Skip navigation

North American Vasa: A Skier's Delight

Sat, Mar  3, 2007 - By Jerry Harpt

I heard a cannon go off as I approached the 47-K marker during my 50-K freestyle race on the ‘VASA’ track that runs through the hills, valleys, and pines of Pere Marquette State Forest near Lower Michigan’s Traverse City. Although the course is not as grueling as the Birkie or Noque, it is very challenging and my body had been screaming to stop for the last 10-K’s. I was trying to block out the thought of pain but, by now, even Vince Lombardi’s mantra, “The harder you work, the harder it is to surrender,” was losing its grip.

My body was approaching total rebellion at the 49-K marker yet, just like that, I lost sight of the pain. That’s when I realized why the cannon went off. I started to see lots of little kids all over the trail, on little skis, with funny hats, and wearing bib numbers that dwarfed them. Some of these kids were only 5 years old, shuffling down the track in mix-master motions while gliding only a foot per push. Their arms looked like humming bird wings, rapidly pumping up and down to energize their poles. One little guy fell and rolled across the track in eggbeater fashion. Another lay on the track on his back, studying the falling snowflakes. I forgot about the pain. It is only temporary after all, isn’t it?

When the race ended we received our race pins, chicken soup, fruit, and other goodies at the lodge of Timber Ridge Resort, within shouting distance of the finish line. Some of us then headed back to the Cherry Tree Inn on Grand Traverse Bay. We sat in the large Jacuzzi and let the warm water massage our weary muscles while large snowflakes fell outside the huge windows at the end of the pool. We then took stock of the many ways we fell in love with the VASA.

The Great North American VASA is a class act, one of the highlight races of the American Ski Marathon series. It is held on a gorgeous, rolling, and heavily wooded landscape just a few miles from the cherry and grape orchards of Leelanau Peninsula and the lake-effect snow supply of Grand Traverse Bay.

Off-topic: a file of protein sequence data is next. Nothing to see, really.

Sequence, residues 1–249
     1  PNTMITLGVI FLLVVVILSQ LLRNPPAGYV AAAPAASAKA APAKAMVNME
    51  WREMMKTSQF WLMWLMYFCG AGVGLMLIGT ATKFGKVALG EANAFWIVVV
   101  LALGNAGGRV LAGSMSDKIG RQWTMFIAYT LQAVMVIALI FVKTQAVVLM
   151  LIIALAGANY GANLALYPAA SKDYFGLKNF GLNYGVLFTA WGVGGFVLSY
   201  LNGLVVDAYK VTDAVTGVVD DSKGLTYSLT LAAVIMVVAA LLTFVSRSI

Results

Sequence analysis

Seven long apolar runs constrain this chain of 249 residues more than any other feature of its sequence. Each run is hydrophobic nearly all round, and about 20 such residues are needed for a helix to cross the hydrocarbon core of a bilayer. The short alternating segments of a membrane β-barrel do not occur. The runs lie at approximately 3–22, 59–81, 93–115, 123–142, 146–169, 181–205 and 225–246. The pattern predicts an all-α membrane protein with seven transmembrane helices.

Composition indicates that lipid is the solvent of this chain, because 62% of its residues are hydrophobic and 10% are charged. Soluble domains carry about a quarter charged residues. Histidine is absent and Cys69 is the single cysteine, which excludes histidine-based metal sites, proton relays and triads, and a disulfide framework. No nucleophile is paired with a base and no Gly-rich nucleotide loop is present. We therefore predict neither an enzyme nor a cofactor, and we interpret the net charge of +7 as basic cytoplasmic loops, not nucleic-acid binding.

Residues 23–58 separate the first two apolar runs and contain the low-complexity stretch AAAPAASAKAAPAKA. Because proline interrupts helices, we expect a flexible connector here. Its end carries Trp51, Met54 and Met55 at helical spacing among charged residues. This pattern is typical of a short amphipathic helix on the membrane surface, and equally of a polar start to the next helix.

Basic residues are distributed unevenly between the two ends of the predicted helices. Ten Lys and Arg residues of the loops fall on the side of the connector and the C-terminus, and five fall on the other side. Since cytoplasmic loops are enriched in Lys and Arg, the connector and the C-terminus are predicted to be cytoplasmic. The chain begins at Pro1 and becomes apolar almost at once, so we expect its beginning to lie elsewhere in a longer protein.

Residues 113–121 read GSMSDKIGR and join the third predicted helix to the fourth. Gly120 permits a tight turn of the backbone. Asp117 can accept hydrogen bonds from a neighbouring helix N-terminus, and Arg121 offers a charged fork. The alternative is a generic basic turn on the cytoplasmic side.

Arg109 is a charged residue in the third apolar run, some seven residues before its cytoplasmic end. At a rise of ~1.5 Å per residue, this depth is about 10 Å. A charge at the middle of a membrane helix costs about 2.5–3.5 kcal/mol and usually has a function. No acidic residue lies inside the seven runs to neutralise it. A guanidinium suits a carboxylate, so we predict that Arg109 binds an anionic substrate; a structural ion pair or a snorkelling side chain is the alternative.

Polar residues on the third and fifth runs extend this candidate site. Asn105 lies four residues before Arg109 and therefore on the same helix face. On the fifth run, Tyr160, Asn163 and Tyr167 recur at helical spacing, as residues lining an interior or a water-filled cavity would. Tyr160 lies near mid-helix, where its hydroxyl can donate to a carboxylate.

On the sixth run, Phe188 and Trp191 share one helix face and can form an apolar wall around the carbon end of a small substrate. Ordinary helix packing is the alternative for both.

The VASA is a great spectator race. The various races all start and finish in the same place so the crowd cheers skiers on more than once. People in the crowd call skiers by name too because their names are on the front and back of their race bib.

Skiers in the 50 K race, actually cross the finish line 4 times. They cross it at the start, serenaded by cowbells and horns. They then do a 1-K loop that takes them back across the finish line for more crowd encouragement. At the midpoint in the race, and to the rhythmic sound of Tubano drums, they cross it again, this time hearing their name called over the public-address system for the first of two times. The second announcement comes at the finish.

Although the VASA challenges with some 100-foot hills to measure a skier’s swagger, the 50-K racers get a reprieve when they are ushered onto the second of their loops. They find that it is more forgiving and flatter for about 10-K, giving them a chance to transition ski, working on their V-1, V-2 and Open Field skating.

One of the advantages of having the race start and end at the same place, Timber Ridge Resort, is skiers close proximity to their car and warm clothes. Most cars were within two city blocks of the start. Showers are also available at the finish as are race results, foods, and friendship. The pre-race spaghetti dinner was also held at  Timber Ridge